In a recent study published in the European Journal of Nutrition, scientists investigate the association between diet and cardiometabolic multimorbidity risk among British men between the ages of 60 and 79. To this end, consuming more seafood and fish was linked to a lower risk of first cardiometabolic disease transitioning to cardiometabolic multimorbidity.
Study: Prospective associations between diet quality, dietary components, and risk of cardiometabolic multimorbidity in older British men. Image Credit: fizkes / Shutterstock.com
How diet affects heart health
Cardiometabolic multimorbidity is the co-occurrence of multiple cardiometabolic diseases such as type 2 diabetes, myocardial infarction, and stroke. Since age is one of the risk factors for cardiometabolic diseases, the global prevalence of cardiometabolic multimorbidity is increasing with the aging population.
Other factors, including healthcare costs, impaired quality of life, medical treatments, and the risk of mortality, are additive for each cardiometabolic disease during multimorbidity. The occurrence of one cardiometabolic condition can also increase the potential risk of another cardiometabolic disease.
Evidence from various studies has indicated that dietary quality and components are associated with the risk of individual cardiometabolic diseases. High-quality diets such as the Mediterranean diet have been linked to a lower risk of acute myocardial infarction, type 2 diabetes, and unspecified stroke.
An increased intake of vegetables, fruits, whole grains, and seafood has also been linked to a lower risk of stroke and, coronary heart disease, type 2 diabetes, and stroke. However, few studies have examined the association between diet and the incidence of cardiometabolic multimorbidity.
About the study
In the present study, scientists used a cohort of men who were registered in the British Regional Heart Study conducted between 1978 and 1980. A 20-year follow-up on a subset of the participants was also performed between 1998 and 2000.
Baseline data was gathered using a questionnaire that collected information on sociodemographic factors, general lifestyles, medications, and health. A food frequency questionnaire and physical examinations were also used to gather data.
The study excluded individuals with diagnosed type 2 diabetes and a history of stroke or myocardial infarction at baseline, as well as those for whom demographic data or dietary information was unavailable. The food frequency questionnaire used in the study was designed for the World Health Organization to monitor the determinants and trends of cardiovascular disease and was validated for the British population.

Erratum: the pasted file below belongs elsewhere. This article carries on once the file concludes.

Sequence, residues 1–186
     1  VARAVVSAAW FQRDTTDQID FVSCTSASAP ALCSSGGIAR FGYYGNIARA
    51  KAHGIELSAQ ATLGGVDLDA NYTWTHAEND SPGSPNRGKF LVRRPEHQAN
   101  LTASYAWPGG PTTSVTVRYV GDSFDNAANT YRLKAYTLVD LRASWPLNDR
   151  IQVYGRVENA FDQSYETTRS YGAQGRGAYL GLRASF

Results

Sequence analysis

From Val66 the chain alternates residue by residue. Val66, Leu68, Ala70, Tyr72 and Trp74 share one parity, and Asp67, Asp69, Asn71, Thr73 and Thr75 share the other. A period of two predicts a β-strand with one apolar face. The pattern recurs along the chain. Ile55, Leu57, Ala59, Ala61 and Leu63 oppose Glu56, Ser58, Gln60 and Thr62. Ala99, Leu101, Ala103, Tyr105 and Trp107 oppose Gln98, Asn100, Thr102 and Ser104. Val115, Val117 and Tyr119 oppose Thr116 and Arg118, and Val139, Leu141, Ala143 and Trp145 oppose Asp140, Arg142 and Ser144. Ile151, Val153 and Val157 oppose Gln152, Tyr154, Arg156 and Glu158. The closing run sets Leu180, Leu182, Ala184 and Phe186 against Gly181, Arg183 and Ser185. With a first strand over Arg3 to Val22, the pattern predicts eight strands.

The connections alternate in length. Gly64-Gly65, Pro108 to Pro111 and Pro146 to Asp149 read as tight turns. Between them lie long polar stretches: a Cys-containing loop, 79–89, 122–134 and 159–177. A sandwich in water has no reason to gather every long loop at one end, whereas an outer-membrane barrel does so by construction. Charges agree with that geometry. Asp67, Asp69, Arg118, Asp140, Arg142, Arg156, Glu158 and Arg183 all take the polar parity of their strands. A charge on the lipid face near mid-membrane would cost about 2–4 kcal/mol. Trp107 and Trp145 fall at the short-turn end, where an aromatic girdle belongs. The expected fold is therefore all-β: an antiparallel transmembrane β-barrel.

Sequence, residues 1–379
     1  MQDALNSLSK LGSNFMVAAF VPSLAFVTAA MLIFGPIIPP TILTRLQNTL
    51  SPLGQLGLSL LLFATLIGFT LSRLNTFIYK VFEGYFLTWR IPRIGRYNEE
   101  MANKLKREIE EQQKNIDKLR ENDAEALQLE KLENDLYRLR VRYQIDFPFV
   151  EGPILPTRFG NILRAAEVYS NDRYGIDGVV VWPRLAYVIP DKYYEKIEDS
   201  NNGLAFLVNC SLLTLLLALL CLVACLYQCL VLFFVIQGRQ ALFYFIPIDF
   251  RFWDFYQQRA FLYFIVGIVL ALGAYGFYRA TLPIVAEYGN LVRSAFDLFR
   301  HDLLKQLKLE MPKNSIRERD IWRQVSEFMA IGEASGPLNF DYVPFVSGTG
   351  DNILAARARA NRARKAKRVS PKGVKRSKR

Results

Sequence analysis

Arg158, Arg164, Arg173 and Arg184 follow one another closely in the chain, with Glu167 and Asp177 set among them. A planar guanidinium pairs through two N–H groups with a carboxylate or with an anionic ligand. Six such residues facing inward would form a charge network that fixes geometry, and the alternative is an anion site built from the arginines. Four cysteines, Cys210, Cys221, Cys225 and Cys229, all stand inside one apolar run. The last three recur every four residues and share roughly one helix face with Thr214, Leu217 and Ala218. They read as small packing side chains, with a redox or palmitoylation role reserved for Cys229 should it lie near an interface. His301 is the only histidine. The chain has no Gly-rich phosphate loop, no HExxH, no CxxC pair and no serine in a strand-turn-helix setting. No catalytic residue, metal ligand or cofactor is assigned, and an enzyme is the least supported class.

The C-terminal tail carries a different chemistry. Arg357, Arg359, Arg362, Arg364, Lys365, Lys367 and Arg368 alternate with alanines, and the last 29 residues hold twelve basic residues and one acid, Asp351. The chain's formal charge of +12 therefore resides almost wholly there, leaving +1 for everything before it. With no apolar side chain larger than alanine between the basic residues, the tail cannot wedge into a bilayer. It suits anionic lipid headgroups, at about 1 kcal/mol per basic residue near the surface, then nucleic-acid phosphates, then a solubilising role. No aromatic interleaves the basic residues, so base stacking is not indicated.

The elderly dietary index (EDI) was calculated using data from the food frequency questionnaire. Consumption frequency was used to assign a score on a four-point scale, with a score of one indicating the least adherence to nutritional recommendations and a score of four indicating the healthiest levels of food intake frequencies for each food group.
Events of stroke, myocardial infarction, type 2 diabetes, and death were followed up among the participants. Reviews and reports from the general practitioner were used to ascertain non-fatal cardiometabolic diseases, while National Health Service records on death information were used to determine fatal strokes and myocardial infarctions.
Baseline information obtained using the questionnaire on factors such as smoking behavior, physical activity levels, use of lipid-lowering medications, and alcohol intake was used to determine covariates.
No significant associations were observed between dietary patterns, quality, or composition and the risk of cardiometabolic multimorbidity among older male British adults. However, increased seafood and fish consumption were linked to a lower risk of the first cardiometabolic disease progressing to a cardiometabolic multimorbidity.
The insignificant association between diet and the risk of cardiometabolic multimorbidity could be due to various factors. For example, the low number of cardiometabolic multimorbidity cases in the cohort and physiological changes among older adults may have led to weaker associations between cardiovascular disease and risk factors such as cholesterol levels and blood pressure.
Additionally, the study design involved calculating the risk estimate of cardiometabolic multimorbidity from the first myocardial infarction event among participants who survived the first event. Thus, the cardiometabolic multimorbidity risk estimate may not have considered participants in lower EDDI quartiles who might not have survived the first myocardial infarction event.
No significant associations were observed between EDI and the risk of cardiometabolic multimorbidity among older British males.
Nevertheless, the consumption of seafood and fish one to two days each week was inversely associated with the risk of cardiometabolic multimorbidity. Further analyses using multi-state models suggest that seafood and fish consumption protects against first cardiometabolic disease transitioning to cardiometabolic multimorbidity.
- Wang, Q., Schmidt, A. F., Lennon, L. T., et al. (2023). Prospective associations between diet quality, dietary components, and risk of cardiometabolic multimorbidity in older British men. European Journal of Nutrition. doi:10.1007/s0039402303193x